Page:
Can Apple Disrupt the Hybrid PC Market with an iPad Pro?

Apple gets a lot of credit for innovation, but what the company really does is move decisively into existing markets, hone their products to new heights of perfection, and then leave a pile of broken, sad-looking competitors in its profitable wake. The company did this with MP3 players, music services, smart phones and tablets, and it may do so with wearables next. But can a long-rumored iPad Pro run away with the market for hybrid PCs too, leaving today’s leaders like Microsoft Surface as collateral damage?

Betteridge’s law of headlines states that “any headline which ends in a question mark can be answered by the word no.” If only life were that pat and simple. And sadly for Microsoft, Apple can very clearly dominate this market.

The reasoning behind this is simple: Where Windows is still an awkward fit on a tablet—remember, Surface Pro 3 is “the tablet that can replace your laptop”—iPad is already a successful tablet, with a well-understood user experience. Extending the capability of such a device—both the hardware and the software—to handle the basic productivity tasks that most users require is a lot simpler than dumbing down the complex and legacy-heavy Windows to work on a tablet.

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Put another way, yes, I’m sure that Surface Pro 3 and other Windows tablets will continue to be more powerful than iPad Pro. But this distinction won’t matter to the majority of users who neither need that power nor appreciate the ongoing headaches of what is still very much a complex PC.

Put yet another way, Apple has long-running success boiling down complex technology to the basics only—i.e. not doing everything but making sure that what they do support “just works”—whereas Microsoft has an even longer track record of trying to please all users all the time, a practice that results in complex, inconsistent design.

Of course we may be getting ahead of ourselves. The iPad Pro is, for now, just a rumor. But when stories about this device start appearing in such august publications as The Wall Street Journal, it’s probably wise to start paying attention. Here’s what we think we know about this device so far.

The iPad Pro is described as a bigger iPad, with a 12.9-inch screen and a keyboard cover. This puts the device decidedly in Surface Pro 3 territory, if not Ultrabook territory, which should worry any PC maker, not just Microsoft. Were one to get a PC/tablet/hybrid with this type of screen, the result would of course be an unwieldy tablet at best, which can be proven by looking at any similarly sized Windows device today. But the iPad is incredibly thin and light. There is no reason to think the iPad Pro won’t be as well.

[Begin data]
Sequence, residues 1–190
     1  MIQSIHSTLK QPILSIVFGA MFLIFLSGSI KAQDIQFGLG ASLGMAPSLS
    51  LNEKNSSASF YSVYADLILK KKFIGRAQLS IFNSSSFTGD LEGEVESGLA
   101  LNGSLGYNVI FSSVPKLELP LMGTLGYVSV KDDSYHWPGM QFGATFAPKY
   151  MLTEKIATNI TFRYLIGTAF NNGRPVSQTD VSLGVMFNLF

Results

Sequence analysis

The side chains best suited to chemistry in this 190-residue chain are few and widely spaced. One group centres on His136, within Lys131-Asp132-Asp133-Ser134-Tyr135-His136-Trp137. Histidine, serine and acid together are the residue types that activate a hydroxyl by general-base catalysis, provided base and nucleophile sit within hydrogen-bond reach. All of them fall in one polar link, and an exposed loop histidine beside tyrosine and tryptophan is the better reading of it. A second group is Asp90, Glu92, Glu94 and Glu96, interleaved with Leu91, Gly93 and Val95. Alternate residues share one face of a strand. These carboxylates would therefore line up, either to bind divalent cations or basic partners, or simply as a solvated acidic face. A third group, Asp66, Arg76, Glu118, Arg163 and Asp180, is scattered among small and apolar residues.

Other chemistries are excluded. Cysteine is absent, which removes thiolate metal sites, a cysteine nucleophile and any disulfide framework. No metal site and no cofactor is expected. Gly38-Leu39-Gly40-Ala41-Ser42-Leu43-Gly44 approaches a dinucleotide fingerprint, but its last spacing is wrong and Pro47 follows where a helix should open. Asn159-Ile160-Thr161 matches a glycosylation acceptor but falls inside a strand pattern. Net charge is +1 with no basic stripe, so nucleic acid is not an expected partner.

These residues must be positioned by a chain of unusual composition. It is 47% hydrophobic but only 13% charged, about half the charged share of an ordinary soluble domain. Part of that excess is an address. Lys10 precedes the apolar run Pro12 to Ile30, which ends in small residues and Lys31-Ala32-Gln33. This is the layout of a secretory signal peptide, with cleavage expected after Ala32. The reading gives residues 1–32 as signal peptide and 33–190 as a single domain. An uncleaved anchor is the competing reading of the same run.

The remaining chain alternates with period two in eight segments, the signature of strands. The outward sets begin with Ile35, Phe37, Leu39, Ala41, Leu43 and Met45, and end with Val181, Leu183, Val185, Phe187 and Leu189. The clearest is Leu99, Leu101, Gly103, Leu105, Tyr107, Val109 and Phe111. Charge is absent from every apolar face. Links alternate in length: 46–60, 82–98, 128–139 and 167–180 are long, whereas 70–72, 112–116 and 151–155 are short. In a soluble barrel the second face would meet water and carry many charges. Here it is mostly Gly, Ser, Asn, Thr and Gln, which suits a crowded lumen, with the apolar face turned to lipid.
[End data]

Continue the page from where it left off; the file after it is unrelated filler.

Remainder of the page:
According to the WSJ, Apple is currently “considering” putting USB 3.0 ports on the iPad Pro, which tells me two things, if true:

One, this device isn’t coming to market any time soon—such a dramatic decision wouldn’t be made at the last minute. (And sure enough, Reuters is reporting a September release, which is coincidentally when I expect Windows 10 to launch.)

And two, if so equipped, this device will take on PCs in ways previous iPads simply cannot. Again, scary.

PC purists will freak at this sort of conclusion. They will point to Windows 10 for Mobile, which will offer a simpler, desktop-free, Windows Phone-like experience. But I’d argue that the choice between this platform and iPad Pro would fall apart in the face of the iPad’s vastly superior apps ecosystem. And they will point to Windows 10 for PCs, which will indeed be a more acceptable choice for some business customers and power users. But don’t underestimate the allure of Apple: all these guys need to do is show up for the most part. And that may be the scariest thing about iPad Pro of all.

Bottom line, I think Apple should make an iPad Pro. And if they do, the impact on Surface could be devastating.

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